• Sloan Valve’s Foundry Division is based in Augusta, Ark., and supplies all the castings for Sloan Valve’s machining operation. “Every day, trucks travel to and from the facility bringing castings up North and returning to Arkansas with machine scrap, which is reprocessed into new product,” Allen explained. The foundry also houses Sloan Valve’s rubber molding operation. Robert Beard heads up the Augusta facility.
  • A plant in Suzhou, China, has permanent molding capability, CNC machining and automated polishing. “Our China operation supplies Sloan Valve’s Franklin Park facility with faucet spouts, which are then outfitted with electronics from Arichell,” Allen explained. “The Suzhou operation also serves as a sales and distribution center for our products sold in China.”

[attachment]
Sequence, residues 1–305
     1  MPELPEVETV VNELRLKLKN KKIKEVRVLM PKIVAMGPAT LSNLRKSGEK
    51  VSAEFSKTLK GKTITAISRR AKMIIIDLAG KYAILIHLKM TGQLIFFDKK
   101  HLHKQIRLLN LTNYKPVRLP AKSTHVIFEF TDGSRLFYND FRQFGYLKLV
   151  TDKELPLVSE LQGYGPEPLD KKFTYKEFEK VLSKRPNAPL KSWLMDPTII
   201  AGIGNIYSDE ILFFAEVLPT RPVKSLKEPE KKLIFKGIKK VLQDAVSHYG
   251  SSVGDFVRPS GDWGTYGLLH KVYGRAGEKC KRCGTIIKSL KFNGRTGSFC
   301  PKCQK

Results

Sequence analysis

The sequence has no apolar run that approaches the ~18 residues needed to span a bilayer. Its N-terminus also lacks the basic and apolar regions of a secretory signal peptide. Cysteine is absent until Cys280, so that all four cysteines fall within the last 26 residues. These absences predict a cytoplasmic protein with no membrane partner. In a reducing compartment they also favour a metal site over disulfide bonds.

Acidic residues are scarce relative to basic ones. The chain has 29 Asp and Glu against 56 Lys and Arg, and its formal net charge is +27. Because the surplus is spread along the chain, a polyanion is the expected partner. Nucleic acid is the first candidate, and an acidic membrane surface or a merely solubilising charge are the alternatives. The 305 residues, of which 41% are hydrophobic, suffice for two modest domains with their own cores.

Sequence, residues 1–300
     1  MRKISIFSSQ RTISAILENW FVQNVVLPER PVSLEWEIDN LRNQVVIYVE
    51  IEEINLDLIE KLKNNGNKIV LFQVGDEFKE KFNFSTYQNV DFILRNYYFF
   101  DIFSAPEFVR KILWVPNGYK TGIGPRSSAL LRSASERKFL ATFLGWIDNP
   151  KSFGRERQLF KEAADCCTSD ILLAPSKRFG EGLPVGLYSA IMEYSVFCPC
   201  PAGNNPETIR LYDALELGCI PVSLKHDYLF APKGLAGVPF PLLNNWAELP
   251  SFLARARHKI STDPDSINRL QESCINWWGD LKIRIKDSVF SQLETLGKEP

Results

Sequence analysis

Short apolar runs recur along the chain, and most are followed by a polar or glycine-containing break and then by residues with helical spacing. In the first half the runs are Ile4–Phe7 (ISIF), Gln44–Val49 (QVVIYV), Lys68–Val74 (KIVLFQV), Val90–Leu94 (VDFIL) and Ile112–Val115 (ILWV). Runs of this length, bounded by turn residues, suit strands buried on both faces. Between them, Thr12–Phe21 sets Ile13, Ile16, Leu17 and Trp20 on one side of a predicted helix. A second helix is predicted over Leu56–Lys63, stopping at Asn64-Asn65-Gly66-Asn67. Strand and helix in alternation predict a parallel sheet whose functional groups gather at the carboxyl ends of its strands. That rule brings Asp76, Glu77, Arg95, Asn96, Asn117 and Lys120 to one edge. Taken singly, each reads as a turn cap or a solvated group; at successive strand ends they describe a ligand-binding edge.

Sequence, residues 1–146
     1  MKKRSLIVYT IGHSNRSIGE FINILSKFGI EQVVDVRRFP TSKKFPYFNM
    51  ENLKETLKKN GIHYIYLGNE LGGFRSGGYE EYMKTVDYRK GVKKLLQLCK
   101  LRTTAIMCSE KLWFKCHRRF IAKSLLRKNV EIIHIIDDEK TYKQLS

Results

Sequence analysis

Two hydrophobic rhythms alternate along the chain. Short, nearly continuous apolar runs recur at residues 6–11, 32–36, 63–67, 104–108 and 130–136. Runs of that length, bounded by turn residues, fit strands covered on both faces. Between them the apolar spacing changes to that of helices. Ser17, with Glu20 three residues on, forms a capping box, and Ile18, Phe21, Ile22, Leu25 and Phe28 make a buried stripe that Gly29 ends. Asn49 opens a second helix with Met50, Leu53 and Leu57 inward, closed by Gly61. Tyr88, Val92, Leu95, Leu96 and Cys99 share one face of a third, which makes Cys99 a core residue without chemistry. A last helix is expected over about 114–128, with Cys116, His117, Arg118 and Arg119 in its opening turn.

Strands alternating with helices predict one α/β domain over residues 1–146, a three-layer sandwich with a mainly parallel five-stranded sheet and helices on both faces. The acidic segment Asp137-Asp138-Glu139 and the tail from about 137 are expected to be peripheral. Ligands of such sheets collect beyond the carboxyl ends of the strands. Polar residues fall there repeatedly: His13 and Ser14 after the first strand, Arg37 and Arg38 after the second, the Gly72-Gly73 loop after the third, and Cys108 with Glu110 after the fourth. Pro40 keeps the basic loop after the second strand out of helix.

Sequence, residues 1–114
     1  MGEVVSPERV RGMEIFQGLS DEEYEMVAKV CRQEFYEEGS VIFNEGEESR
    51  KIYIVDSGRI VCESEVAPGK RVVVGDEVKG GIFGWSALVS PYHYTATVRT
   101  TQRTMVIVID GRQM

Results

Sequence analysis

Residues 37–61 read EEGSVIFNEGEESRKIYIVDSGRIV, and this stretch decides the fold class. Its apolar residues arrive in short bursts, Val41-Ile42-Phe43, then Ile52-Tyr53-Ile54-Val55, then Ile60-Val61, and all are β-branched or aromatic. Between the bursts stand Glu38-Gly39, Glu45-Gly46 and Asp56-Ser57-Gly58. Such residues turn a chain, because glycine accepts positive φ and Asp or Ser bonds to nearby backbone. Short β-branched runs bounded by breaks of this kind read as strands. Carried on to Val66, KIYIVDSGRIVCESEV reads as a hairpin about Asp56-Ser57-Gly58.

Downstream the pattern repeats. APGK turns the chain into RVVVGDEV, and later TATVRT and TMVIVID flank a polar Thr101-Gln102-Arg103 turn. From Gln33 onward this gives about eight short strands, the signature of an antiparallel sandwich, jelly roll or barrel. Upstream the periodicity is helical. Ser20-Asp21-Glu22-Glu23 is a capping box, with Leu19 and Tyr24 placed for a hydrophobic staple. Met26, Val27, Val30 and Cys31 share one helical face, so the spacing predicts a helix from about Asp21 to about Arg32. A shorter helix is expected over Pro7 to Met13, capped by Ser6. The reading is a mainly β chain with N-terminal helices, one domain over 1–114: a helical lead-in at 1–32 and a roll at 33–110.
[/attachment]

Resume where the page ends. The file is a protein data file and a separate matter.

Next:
• Sloan operates three remote distribution centers in Montclair, Calif., Alpharetta, Ga., and Bohemia, N.Y. “Sloan has focused on customer service for the last several years,” said Allen. “These distribution centers play an important role in reducing delivery time as well as serving as a training and education facility.”

To maintain their position in the marketplace, Sloan Valve has relied on strategic product development. The company’s research efforts focus on finding advanced technologies to improve the customers’ value proposition.

“All new products must provide an element of value for the owner who invests in properties, for the contractor who installs it, to the maintenance person who ultimately interfaces with the product on a daily basis,” said Pete Jahrling, director-design engineering. “We are constantly introducing new technologies into our products in small advancements and complete customer solutions. We have a proprietary process that requires a fixed percentage of product sales come from new product development. There is a full-time team which identifies customer needs and wants in an effort to align expectations between Sloan Valve and our customers.”